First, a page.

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ALONG THE NAVAJO TRAIL (director: Frank McDonald; screenwriters: from the novel Sleepy Horse Range by William Colt MacDonald/Gerald Geraghty; cinematographer: William Bradford; editor: Tony Martinelli; music: Mort Glickman; cast: Roy Rogers (Himself), Dale Evans (Lorry Alastair), Gabby Hayes (Gabby), Estelita Rodriguez(Narita), Douglas Fowley (J. Richard Bentley), Sam Flint (Breck Alastair), Nestor Paiva(Janza), Roy Barcroft (Rusty), Emmett Vogan (Roger Jerrold), Davida Cota (Lani), The Sons of the Pioneers (Themselves), Bob Nolan (Leader of The Sons of the Pioneers); Runtime: 65; MPAA Rating: NR; producer: Edward J. White; Republic; 1945)
“Lively routine Roy Rogers musical Western.”

Reviewed by Dennis Schwartz

Frank McDonald (“The Purple Gang”) directs this lively routine Roy Rogers musical Western. It’s based on the novel Sleepy Horse Range by William Colt MacDonald and is written by Gerald Geraghty.

Roy Rogers plays a deputy marshal, sent by the Cattleman’s Association to investigate the feud between J. Richard Bentley (Douglas Fowley) and Breck Alastair’s (Sam Flint) Lazy A Ranch in Padre Wells, New Mexico, and goes undercover to investigate.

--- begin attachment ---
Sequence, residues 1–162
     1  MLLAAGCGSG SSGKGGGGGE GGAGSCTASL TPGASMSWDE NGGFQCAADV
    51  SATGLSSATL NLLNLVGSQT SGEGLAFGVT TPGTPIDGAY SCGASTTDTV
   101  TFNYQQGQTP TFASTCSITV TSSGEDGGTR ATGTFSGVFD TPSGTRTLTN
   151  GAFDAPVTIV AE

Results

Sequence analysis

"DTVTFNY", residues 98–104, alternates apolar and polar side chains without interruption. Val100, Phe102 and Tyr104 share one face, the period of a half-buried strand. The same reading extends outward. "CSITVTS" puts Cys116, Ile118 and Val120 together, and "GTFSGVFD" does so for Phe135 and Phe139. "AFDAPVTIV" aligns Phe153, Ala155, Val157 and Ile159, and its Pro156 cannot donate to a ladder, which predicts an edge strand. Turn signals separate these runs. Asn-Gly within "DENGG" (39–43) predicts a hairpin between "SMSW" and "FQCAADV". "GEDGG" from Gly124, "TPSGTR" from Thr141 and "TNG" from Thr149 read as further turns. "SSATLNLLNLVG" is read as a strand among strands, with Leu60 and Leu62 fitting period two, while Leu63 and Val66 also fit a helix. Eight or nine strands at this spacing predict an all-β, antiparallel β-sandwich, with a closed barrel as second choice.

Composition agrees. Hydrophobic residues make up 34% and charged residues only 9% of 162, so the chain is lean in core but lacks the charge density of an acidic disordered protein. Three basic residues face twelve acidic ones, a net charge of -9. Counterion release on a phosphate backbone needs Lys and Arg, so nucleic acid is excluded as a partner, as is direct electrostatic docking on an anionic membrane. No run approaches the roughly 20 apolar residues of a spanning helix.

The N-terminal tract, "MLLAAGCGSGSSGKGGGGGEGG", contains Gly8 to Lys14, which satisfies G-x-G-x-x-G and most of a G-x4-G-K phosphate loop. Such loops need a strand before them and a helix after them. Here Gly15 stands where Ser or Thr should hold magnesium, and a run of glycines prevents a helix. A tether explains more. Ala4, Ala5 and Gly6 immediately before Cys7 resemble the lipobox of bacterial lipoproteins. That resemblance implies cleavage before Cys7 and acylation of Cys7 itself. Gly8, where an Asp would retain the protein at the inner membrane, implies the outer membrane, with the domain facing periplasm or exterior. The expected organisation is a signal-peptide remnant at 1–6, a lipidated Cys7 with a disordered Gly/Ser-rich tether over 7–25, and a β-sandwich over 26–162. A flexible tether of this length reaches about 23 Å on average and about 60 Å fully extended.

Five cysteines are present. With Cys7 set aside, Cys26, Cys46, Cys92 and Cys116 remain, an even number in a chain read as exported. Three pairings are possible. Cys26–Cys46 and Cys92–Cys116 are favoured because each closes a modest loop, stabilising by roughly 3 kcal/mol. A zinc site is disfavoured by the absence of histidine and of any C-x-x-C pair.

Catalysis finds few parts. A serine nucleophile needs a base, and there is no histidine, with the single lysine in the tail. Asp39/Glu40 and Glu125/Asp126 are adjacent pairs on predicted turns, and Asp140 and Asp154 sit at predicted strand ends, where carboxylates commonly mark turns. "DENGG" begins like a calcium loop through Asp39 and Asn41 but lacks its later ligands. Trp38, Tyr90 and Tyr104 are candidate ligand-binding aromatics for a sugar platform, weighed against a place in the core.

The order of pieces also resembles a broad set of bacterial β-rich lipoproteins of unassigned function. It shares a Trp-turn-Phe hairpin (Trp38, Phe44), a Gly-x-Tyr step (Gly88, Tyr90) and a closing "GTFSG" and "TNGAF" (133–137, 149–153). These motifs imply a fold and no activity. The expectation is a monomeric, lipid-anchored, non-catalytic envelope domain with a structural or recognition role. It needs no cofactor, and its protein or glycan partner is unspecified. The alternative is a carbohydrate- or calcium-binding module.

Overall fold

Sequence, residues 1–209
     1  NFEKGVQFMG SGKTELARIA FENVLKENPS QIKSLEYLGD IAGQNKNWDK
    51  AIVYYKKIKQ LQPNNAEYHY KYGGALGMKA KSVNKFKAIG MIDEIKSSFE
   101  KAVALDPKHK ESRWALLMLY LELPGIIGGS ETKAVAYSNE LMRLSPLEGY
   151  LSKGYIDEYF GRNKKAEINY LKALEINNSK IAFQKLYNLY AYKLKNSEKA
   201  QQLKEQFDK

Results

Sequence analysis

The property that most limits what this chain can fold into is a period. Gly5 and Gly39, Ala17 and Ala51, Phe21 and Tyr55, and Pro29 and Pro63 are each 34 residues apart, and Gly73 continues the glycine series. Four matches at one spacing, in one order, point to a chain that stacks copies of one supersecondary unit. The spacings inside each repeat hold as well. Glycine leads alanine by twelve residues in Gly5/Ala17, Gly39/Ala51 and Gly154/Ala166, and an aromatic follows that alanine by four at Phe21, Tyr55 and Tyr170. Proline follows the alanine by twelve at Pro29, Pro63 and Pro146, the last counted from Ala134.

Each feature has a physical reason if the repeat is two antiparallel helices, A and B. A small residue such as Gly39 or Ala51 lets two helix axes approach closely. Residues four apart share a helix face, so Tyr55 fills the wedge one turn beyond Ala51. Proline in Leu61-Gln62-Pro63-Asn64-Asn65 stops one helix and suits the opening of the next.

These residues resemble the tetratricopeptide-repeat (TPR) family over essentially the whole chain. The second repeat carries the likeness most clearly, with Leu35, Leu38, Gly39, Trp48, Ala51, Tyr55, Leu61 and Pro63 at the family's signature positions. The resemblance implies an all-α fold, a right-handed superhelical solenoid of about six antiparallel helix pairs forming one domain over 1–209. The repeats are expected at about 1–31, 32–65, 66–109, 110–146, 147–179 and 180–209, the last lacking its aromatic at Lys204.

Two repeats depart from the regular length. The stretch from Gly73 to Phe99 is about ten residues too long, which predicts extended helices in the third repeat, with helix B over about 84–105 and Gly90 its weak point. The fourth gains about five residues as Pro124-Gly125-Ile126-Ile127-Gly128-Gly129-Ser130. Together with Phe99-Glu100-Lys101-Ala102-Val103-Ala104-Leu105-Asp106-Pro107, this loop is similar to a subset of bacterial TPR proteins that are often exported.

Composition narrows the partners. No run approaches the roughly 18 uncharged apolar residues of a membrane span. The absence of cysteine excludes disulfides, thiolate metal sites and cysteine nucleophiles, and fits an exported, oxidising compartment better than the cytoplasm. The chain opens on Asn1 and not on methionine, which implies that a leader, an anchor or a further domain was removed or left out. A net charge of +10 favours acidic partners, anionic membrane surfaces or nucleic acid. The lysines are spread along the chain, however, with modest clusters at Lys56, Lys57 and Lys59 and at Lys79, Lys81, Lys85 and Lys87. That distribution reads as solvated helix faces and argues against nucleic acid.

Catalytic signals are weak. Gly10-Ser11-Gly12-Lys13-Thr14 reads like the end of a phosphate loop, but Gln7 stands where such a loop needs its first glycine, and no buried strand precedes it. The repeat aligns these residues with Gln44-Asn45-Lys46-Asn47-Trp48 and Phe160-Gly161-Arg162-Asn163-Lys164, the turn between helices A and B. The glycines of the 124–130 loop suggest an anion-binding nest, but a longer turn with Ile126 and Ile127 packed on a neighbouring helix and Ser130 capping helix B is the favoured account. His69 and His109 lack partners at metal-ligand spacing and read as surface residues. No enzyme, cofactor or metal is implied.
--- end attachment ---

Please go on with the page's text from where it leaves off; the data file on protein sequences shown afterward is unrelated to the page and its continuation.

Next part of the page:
While Roy camps out on the Ladder A spread he encounters the gabby ranch foreman (Gabby Hayes), the rancher’s pretty daughter Lorry Alastair (Dale Evans), a band of traveling Mexican gypsies and their feisty singer Narita (Estelita Rodriguez), and the villain J. Richard Bentley (Douglas Fowley). Roy will subsequently learn that Bentley made a secret deal with an insider in the Santa Fe Drilling Company to get for them the Ladder A Ranch so the company could put in an oil pipeline and is covering up his ambitions by attacking other ranchers in the region. The greedy Bentley can’t take no for an answer and murdered the previous deputy sent by the Association.

It’s such an innocuous film, that it’s hard to dislike for being so bland.


Dennis Schwartz: “Ozus’ World Movie Reviews”